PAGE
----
The Mob Mentality
The Shakespeare Company with Ground Zero Theatre and Hit & Myth’s production of Julius Caesar on September 27th, 2017 was a brilliant interpretation of Shakespeare’s classics which captured the inconsistency of an obsessive mob mentality. This to say, if the Roman public had been free-thinking they would not have been so easily swayed to form mobs for and against Caesar. The play’s production allowed for many moments of analytical appreciation for curious minds with aspects such as the symbolic use of blood to the irony of having an omnipotent Caesar in the background throughout the duration of the play. Audience members were left with plenty to ponder upon; however, the aspect of the play which I found most integral when transitioned from text to stage was the arch of the Roman citizens’ outlook on Caesar as it brought forth the notion of admiration versus obsession.
The preliminary stage of the arch began as obsession – an idea or thought that continually preoccupies or intrudes on a person’s mind; director Ron Jenkins used the non-verbal dramatic techniques of lighting, levels and sound effects. His creativity with these was demonstrated during the offering of the crown scene where he was able to harness lighting to draw eyes to Caesar, giving audience members insight into the manner in which the Roman public generally viewed him. Further, having the only other character on stage at the time – Mark Antony – kneeling before him accentuated this notion through the creation of levels in which Caesar was elevated. Accompanying this was the use of overlapping dialogue and shouting through sound effects – accurately depicting the excess of passion and zeal present when individuals are obsessive. Finally, Jenkins’ choice of pacing, regarding the frequency of the citizens’ cheers, further affirmed their obsession and conveyed a strong sense of frenzy. The Roman citizens took their admiration (respect and warm approval) of his valor and strength during battle and fueled it with passion. In order to convey how strongly the Roman citizens felt
The Roman public was not only obsessed with loving Caesar; their obsession progressed. They went from being obsessed with loving him, to being obsessed with hating him, to being obsessed with avenging him – serving as evidence of the inconsistency of passion. The passion of their mob mentality was present through out the play and acted as a catalyst for conflicts as those who were either for or against Caesar were able to build alliances and armies by convincing the general public of their argument. This was most convincingly conveyed during Antony’s speech when the citizens of Rome went from passionately hating Caesar to passionately wanting to avenge his death. The depiction of this shift in the span of approximately ten minutes reassured in my mind just how short lived passion truly is.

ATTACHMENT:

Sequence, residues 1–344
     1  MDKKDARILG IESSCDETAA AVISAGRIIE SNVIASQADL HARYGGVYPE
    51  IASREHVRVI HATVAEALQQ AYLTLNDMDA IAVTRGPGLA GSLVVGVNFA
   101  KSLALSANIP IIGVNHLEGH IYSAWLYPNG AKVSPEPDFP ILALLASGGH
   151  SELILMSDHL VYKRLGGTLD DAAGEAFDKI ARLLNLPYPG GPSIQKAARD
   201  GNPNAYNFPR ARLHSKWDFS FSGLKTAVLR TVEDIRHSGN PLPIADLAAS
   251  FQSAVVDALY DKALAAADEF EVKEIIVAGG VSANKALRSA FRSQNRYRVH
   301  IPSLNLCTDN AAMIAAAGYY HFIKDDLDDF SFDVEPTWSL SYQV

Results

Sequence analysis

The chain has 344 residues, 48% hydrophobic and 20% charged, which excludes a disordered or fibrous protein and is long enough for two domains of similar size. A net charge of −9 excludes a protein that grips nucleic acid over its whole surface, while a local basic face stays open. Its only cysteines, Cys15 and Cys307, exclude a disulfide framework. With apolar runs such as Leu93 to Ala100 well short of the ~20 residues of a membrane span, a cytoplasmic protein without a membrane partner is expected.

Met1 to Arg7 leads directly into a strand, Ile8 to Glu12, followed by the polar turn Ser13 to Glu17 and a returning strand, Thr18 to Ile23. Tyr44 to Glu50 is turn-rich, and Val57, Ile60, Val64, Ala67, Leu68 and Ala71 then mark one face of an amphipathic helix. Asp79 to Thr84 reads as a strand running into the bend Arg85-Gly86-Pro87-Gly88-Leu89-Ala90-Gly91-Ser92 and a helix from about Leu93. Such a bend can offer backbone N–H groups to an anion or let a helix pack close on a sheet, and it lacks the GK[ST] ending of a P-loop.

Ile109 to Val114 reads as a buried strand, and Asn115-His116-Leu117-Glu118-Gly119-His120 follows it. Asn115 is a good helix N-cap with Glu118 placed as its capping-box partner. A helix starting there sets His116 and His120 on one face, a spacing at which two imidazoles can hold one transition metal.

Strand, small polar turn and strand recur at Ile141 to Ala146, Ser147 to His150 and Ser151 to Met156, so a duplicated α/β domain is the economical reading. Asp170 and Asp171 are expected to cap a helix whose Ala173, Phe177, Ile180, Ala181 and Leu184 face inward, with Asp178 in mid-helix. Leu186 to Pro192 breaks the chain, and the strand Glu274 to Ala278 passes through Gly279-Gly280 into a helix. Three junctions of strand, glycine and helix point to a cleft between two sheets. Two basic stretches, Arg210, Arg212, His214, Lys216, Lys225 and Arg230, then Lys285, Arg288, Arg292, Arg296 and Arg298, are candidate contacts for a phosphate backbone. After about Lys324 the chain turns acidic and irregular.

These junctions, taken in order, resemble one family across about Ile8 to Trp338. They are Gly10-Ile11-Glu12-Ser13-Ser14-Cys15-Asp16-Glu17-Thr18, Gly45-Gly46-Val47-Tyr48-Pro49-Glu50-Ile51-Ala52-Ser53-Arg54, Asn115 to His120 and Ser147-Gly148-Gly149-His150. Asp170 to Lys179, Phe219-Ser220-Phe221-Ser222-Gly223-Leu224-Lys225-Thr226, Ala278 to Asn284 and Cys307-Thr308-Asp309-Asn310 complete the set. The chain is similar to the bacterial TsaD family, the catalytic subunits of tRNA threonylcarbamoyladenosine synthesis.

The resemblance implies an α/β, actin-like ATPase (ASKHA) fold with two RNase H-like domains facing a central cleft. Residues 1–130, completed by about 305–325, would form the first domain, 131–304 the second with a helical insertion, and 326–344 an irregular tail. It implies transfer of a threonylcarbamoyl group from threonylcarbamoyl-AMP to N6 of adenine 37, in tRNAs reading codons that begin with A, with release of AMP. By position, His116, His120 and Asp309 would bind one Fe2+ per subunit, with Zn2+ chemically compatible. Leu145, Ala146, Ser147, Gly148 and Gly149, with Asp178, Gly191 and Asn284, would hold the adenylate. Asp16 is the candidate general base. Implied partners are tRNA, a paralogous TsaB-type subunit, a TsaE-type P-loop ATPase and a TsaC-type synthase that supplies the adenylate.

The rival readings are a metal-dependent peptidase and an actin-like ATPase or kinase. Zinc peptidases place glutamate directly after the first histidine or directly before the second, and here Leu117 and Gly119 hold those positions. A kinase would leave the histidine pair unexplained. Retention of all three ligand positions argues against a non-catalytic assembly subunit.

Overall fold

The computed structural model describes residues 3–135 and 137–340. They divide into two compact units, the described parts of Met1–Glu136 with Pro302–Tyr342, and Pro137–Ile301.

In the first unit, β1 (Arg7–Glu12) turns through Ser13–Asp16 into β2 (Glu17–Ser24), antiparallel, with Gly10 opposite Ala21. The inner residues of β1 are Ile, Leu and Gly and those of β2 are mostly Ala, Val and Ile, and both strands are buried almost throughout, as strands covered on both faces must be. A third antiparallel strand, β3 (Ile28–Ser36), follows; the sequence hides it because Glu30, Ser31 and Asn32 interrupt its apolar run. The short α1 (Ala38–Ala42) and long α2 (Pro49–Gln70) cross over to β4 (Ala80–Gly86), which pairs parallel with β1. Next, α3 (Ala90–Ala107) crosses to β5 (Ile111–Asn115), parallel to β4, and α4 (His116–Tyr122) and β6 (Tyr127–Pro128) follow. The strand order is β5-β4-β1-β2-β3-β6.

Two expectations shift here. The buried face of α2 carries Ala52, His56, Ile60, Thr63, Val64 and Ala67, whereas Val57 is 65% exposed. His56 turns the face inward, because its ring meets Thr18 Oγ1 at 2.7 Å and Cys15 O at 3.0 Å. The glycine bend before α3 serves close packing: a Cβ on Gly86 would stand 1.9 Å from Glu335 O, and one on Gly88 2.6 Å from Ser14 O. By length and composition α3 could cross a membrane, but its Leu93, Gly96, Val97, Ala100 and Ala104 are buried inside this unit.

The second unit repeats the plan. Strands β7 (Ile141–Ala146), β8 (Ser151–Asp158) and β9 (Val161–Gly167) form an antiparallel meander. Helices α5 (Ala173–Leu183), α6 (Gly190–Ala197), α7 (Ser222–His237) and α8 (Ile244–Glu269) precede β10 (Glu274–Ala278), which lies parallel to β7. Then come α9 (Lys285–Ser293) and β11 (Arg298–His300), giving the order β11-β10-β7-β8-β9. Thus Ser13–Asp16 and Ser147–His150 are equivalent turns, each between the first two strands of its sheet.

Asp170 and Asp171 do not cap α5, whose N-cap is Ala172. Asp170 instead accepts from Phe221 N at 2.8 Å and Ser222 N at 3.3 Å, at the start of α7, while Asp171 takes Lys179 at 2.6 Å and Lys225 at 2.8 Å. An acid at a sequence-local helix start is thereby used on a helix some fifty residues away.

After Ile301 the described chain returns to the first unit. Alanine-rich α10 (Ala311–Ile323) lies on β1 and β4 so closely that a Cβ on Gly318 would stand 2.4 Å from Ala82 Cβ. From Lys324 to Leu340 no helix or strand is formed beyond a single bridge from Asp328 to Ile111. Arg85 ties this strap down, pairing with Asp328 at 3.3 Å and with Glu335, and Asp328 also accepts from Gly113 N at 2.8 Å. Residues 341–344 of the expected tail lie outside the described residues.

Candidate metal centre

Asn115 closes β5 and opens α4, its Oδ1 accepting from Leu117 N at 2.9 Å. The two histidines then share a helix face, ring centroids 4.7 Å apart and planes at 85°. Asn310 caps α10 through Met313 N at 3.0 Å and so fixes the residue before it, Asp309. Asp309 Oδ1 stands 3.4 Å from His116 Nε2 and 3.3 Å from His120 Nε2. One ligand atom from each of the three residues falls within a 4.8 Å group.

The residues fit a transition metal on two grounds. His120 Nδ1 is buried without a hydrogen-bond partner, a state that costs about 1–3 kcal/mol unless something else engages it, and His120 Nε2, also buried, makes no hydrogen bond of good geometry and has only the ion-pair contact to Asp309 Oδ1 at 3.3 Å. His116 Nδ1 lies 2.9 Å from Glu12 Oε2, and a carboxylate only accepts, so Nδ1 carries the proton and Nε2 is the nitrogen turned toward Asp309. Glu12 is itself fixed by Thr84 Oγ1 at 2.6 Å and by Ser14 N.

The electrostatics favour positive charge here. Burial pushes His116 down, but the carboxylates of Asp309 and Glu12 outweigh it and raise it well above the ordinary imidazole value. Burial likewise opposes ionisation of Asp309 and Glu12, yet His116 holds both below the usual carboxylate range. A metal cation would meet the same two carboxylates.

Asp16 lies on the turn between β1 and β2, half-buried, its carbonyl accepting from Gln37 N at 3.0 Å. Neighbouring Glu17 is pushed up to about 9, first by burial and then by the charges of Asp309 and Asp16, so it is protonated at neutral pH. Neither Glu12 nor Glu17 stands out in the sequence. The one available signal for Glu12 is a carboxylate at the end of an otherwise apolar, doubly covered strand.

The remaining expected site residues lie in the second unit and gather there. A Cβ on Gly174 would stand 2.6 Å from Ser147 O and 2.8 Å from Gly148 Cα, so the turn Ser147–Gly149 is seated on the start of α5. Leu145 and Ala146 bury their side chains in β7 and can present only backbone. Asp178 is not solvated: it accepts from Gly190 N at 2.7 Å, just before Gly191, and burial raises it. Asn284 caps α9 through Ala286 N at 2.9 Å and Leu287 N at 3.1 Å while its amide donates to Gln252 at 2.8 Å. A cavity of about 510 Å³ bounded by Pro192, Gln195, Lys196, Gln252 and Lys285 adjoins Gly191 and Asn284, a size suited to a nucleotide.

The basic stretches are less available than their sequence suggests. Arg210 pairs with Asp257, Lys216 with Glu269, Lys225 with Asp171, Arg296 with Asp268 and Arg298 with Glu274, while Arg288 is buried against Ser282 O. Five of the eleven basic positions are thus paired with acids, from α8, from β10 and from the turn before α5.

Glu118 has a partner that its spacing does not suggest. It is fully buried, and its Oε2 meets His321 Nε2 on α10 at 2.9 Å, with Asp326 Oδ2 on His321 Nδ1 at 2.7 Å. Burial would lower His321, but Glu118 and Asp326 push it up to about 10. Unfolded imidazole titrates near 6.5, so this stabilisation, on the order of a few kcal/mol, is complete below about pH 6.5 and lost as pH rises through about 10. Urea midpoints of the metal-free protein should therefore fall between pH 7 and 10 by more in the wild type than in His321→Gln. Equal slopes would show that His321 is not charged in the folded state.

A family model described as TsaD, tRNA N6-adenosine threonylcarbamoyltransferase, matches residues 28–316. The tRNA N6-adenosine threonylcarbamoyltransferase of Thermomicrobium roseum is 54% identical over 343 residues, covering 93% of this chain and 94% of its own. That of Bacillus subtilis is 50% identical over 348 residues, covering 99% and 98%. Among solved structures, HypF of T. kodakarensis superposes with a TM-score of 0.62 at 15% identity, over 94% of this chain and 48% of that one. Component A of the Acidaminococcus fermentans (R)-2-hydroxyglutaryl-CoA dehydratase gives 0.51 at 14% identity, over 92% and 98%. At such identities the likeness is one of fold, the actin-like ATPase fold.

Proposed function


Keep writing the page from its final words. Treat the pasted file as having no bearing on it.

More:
Antony’s admiration of Caesar was able to act as a foil for the obsession of the general public as he was somewhat subtle in his admiration. Though numerous dramatic techniques were used to convey Antony’s feelings towards Caesar, most notably used were non-verbal tactics – namely, body language. Antony displayed his admiration and respect of Caesar through his body language such as lowering his head, kissing his hand and cordial gestures of the nature. Unlike the riotous public, Antony praised Caesar infrequently and displayed his feeling toward him through actions, and at times words, significantly fainter than those of the Roman citizens. This contrast was marvelously done as the greatly underwhelming quality of admiration was not lost in the theatrics; rather, was exemplified when compared with obsession.
With all this two things became painfully clear – first, Jenkins is a magnificent director who was able to capture the unpredictability of passion; second, admiration and obsession can quickly become skewed. Whilst pondering on the latter I realized the majority of the conflicts in the play, to a great extent, were due to the public’s distortion of the fine line between admiration and obsession. Even though Shakespeare wrote Julius Caesar in 1599 this aspect of the tragedy still rings true to today. In contemporary discussions, such as that of US president Donald Trump, the public’s relinquishing of free thought and acquiescing to the obsession of a feeling – to love or to loathe – creates great division within any society. Although, as an audience member, I was left in awe of the production value of the show and the sensation of the experience, I am now left to ask myself am I truly free thinking in my praise or have I too blurred the lines of admiration and obsession and become lost in the mob mentality?
Thanks to Alysha and Lauryn for their suggestion to focus on consistency of voice.